Values may be misplaced, and they have consequences. This particular issue doesn't have much riding on it (on the face of it, anyway), but many do. Moreover, how we think is in many ways as important as what we think. The fellows ad hoc moves are problematic. Ad hoc adjustments to our theories/beliefs to avoid disconfirmation are like confirmation bias and other fallacies and biases-- they are hurdles creativity, making better decisions and increasing our understanding of ourselves and the world. This all sounds more hard-nosed than I really am, but you get the point.
"By definition, wouldn’t our AI friend have clearly defined rules that tell us what it believes?"
You seem to envision AI as a massive database of scripts chosen according to circumstance, but this is not feasible. The number of possible scripts to enable intelligent behavior would be innumerable. No, an AI need not have "clearly defined rules" in the sense of being intelligible to humans. I suspect anything robust enough to pass the Turing Test in any meaningful (non-domain restricted) sense would be either too complicated to decode or predict upon its inspection, or would be the result of some artificial evolutionary process that would be no more decodable than a brain. Have you ever looked at complex code--it can be difficult if not impossible for a person to understand as code, let alone all the possible ways it may implement (thus bugs, infinite loops, etc.). As Turing said, "Machines take me by surprise with great frequency."
"You’ll just have to take my word for it that I had other unquantifiable impulses."
But you would not take the word of an AI that exhibited human level robustness in its actions? Why?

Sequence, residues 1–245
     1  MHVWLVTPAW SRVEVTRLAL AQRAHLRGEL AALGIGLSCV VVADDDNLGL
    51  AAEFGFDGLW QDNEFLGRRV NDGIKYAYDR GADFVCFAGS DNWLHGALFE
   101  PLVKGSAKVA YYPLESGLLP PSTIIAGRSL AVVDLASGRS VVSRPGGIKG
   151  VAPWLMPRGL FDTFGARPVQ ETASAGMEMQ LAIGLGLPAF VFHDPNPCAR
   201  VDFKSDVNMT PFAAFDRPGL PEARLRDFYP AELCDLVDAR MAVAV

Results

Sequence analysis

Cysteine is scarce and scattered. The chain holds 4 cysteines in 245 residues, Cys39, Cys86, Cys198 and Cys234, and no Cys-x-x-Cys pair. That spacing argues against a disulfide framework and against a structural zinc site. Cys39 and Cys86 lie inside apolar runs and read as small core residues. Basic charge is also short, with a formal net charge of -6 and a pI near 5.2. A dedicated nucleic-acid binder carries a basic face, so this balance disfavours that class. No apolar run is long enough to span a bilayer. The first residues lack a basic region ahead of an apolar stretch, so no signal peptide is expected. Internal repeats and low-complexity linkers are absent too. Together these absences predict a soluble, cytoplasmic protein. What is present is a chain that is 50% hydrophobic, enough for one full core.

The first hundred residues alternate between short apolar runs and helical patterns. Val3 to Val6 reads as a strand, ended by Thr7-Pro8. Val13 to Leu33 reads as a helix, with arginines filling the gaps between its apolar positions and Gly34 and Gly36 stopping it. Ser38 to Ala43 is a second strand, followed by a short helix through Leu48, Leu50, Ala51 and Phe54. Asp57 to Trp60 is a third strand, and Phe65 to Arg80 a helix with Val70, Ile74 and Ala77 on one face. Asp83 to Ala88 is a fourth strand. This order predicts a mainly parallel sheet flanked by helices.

"I think you might be misapplying the Turing test. Let’s frame this as a statistical problem. When you perform analysis, you separate factors into those that have predictive power and those that don’t. A successful Turing test would tell us that a perfect predictive formula is possible, and that we might be able to ignore some factors that don’t help us anticipate behaviour. It wouldn’t tell us that those factors don’t exist however."
Funny, I'm afraid that you might be misapplying the Turing Test. The Turing Test is not supposed to provide a maximally predictive "formula" for a putative intelligence. Rather, passing it is arguably supposed to demonstrate that the subject is, in some substantive sense of the word, intelligent.
Where do people get the impression that we all have the right not to be challenged in our beliefs?
Tolerance is not about letting every person's ideas go unchallenged; it's about refraining from other measures (enforced conformity, violence) when faced with intractable personal differences.
As for politeness, it is an overrated virtue. We cannot have free and open discussions, if we are chained to the notion that we should not challenge those that cannot countenance dissent, or that we should be free from the dissent of others. Some people should be challenged often and publicly. Of course, the civility of these exchanges matters, but, as presented by Eliezer, no serious conversational fouls or fallacies were committed in this case (contemptuous tone, ad hominems, tu quoque or other Latinate no-nos, etc.).
How do you know what the putative AI "believes" about what is advantageous or logical? How do you know that other humans are feeling compassion? In other words, how you feel about the Turing test, and how, other than their behavior, would you be able to know about what people or AIs believe and feel?